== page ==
Keep ​your language polite​. Readers from many different countries visit and contribute to Free West Media and we must therefore obey the rules in​,​ for example​, ​Germany. Illegal content will be deleted.

    If you have been approved to post comments without preview from FWM, you are responsible for violation​s​ of​ any​ law. This means that FWM may be forced to cooperate with authorities in a possible crime investigation.

    If your comments are subject to preview ​by FWM, please be patient. We continually review comments but depending on the time of day it can take up to several hours before your comment is reviewed.

    We reserve the right to del​ete​ comments that are offensive, contain slander or foul language, or are irrelevant to the discussion.

    Cardinal Anders Arborelius, Bishop of Stockholm, is one of the Catholic bishops who signed the letter, which was read out in churches throughout Sweden, Finland, Denmark, and Iceland over the Easter weekend. Photo: The Catholic Church

    Care prompts bishops to criticize transgender ideology

    The Catholic bishops of the Scandinavian countries presented an open five-page letter criticizing transgender ideology on March 21, just before Easter. The document primarily expresses care and advice and was read aloud in Catholic churches in Sweden, Norway, Finland, Denmark, and Iceland. Cardinal Anders Arborelius, Bishop of Stockholm, is one of the signatories of the document.

    FREEZING IN THEIR HOMES is the new grim reality for many Brits and Northern Europeans. Margaret is 92 years old and has just come in from the winter cold, but no warmth awaits her at home. She fears her own home more than the icy streets. Next to her are four thick blankets, and on the shelf above the fireplace, which she can no longer afford to buy wood for, is a meter showing the daily cost of electricity (inset). It shows £1.03, about 13 SEK. When it reaches £3, about 38 SEK, she is forced to turn off the little heat she has to afford it. Still image: ITW News

    Brits Forced to Live in Darkness and Cold

    Food prices are rising at a furious pace, fastest in Scotland in almost half a century. At the same time, energy prices are at record highs. People are forced to choose between freezing or going hungry, and a majority of Scots are forced to live in cold and darkness to cope with bills. Old generations' tricks for saving and keeping warm are returning. Nevertheless, it is feared that 10,000 Brits will die of cold homes this winter. We present the Swedish Public Health Agency's guidelines on indoor temperature. Governments in Europe are introducing rationing and monitoring of food purchases. Net-zero emissions are a lie that, in practice, de-industrializes the West and dramatically lowers our standard of living.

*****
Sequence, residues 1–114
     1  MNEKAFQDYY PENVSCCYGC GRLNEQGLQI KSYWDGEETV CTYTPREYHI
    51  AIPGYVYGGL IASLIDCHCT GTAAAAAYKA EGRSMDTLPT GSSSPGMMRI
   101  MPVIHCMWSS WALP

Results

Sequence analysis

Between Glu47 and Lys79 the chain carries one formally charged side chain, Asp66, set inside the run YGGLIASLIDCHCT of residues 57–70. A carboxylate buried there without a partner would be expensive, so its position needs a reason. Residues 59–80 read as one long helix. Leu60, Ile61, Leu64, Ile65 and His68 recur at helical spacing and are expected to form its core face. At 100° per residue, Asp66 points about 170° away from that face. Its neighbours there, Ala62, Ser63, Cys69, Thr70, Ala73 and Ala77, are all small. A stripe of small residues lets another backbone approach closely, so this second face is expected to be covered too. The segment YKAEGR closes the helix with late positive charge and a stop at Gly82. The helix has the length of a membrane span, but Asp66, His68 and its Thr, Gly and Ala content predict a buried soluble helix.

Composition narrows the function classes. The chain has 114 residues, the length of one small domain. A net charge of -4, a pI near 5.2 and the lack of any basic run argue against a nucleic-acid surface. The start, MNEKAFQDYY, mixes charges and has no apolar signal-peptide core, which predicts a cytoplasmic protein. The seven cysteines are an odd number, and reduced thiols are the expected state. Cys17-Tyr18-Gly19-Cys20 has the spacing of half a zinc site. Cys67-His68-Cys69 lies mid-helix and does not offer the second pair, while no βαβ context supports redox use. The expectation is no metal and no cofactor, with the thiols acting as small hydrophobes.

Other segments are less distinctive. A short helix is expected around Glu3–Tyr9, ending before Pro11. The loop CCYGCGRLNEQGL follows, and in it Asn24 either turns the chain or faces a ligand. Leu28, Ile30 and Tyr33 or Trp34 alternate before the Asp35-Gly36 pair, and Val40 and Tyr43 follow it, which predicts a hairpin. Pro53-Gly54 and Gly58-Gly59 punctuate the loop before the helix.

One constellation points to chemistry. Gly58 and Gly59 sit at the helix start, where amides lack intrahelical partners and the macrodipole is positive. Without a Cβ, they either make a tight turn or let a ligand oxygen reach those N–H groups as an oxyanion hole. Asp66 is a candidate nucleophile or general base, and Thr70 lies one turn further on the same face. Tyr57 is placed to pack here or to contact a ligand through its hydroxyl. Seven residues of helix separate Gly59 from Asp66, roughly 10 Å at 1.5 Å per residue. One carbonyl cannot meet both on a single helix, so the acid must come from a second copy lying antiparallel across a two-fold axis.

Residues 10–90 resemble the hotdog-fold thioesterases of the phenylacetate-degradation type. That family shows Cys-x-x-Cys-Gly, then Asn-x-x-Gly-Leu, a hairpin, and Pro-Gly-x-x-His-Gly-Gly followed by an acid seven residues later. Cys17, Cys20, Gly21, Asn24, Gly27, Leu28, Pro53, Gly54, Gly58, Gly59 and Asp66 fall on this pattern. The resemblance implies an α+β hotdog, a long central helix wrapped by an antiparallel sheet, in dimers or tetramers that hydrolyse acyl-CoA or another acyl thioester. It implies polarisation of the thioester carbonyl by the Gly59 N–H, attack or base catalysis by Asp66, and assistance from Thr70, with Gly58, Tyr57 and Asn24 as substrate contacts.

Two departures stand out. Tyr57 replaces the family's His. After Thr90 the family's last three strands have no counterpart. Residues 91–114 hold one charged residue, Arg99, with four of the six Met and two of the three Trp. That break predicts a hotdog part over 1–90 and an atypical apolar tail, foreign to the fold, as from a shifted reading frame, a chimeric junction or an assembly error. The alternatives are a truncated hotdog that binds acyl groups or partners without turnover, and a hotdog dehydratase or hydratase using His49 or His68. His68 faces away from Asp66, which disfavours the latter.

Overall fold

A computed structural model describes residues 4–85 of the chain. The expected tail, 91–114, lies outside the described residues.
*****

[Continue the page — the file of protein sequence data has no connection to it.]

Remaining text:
Thousands of Flemish farmers block roads in Brussels against nitrogen policy

    BrusselsMore than 2500 farmers from Belgium's Dutch-speaking Flanders region gathered at Brussels' central Arts-Loi street and blocked roads with tractors toward Brussels to protest the regional government's plan to limit nitrogen emissions.

    Orban: EU energy sanctions costing citizens billions

    BudapestHungarian Prime Minister Viktor Orban has warned that some western states could soon send troops to Ukraine. He also criticized the fact that the EU sanctions against Russia had cost Hungarian taxpayers tens of billions of euros.

    Italy: New leader of the Social Democrats is one of Soros’ ‘preferred politicians’

    RomeDuring the election campaign, Elly Schlein presented herself as the standard-bearer of the poorest. However, her background and previous work raise doubts about her honesty.

    UK greenhouses shut down due to high energy costs

    LondonIn Great Britain, a particularly depressing facet of the crisis is now showing its first contours - and thus anticipating what is likely to happen in other European countries in the near future: because of the exploding energy prices, agriculture is being strangled and fresh produce has to be rationed.

    Lisbon opens borders to all Portuguese speakers

    LisbonNot only the German and Italian governments keep opening new paths for immigration. Portugal, too, has opened a Pandora's box and is paving the way for possibly millions of non-European immigrants to the EU – something which is not mentioned by the mainstream media.

    Illegal immigration to Italy has reached its highest level ever

    RomeIn Italy, despite the overwhelming right-wing electoral success in September, there is still nothing to be seen of the promised asylum turnaround – on the contrary. Giorgia Meloni has been in office for five months, but the arrivals of migrants in Italy have doubled compared to the previous year.

    Dismantling diplomacy with ‘feminist foreign policy’

    BudapestGerman Foreign Minister Annalena Baerbock (Greens) wants to counter German security issues abroad with feminist politics. Gender training, LGBTQ events and quotas are now part of their new guidelines, which are intended to bring about "cultural change". The German ambassador to Hungary, Julia Gross, provided an embarrassing example.

    Germans demand investigation of Nord Stream sabotage

    BerlinAfter the sensational revelations by US investigative reporter Seymour Hersh about the perpetrators of the Nord Stream attacks on September 26, 2022, the German government has remained silent. It does not want to comment on Hersh's research results, according to which the pipelines were blown up by Americans and Norwegians.

    Go to archive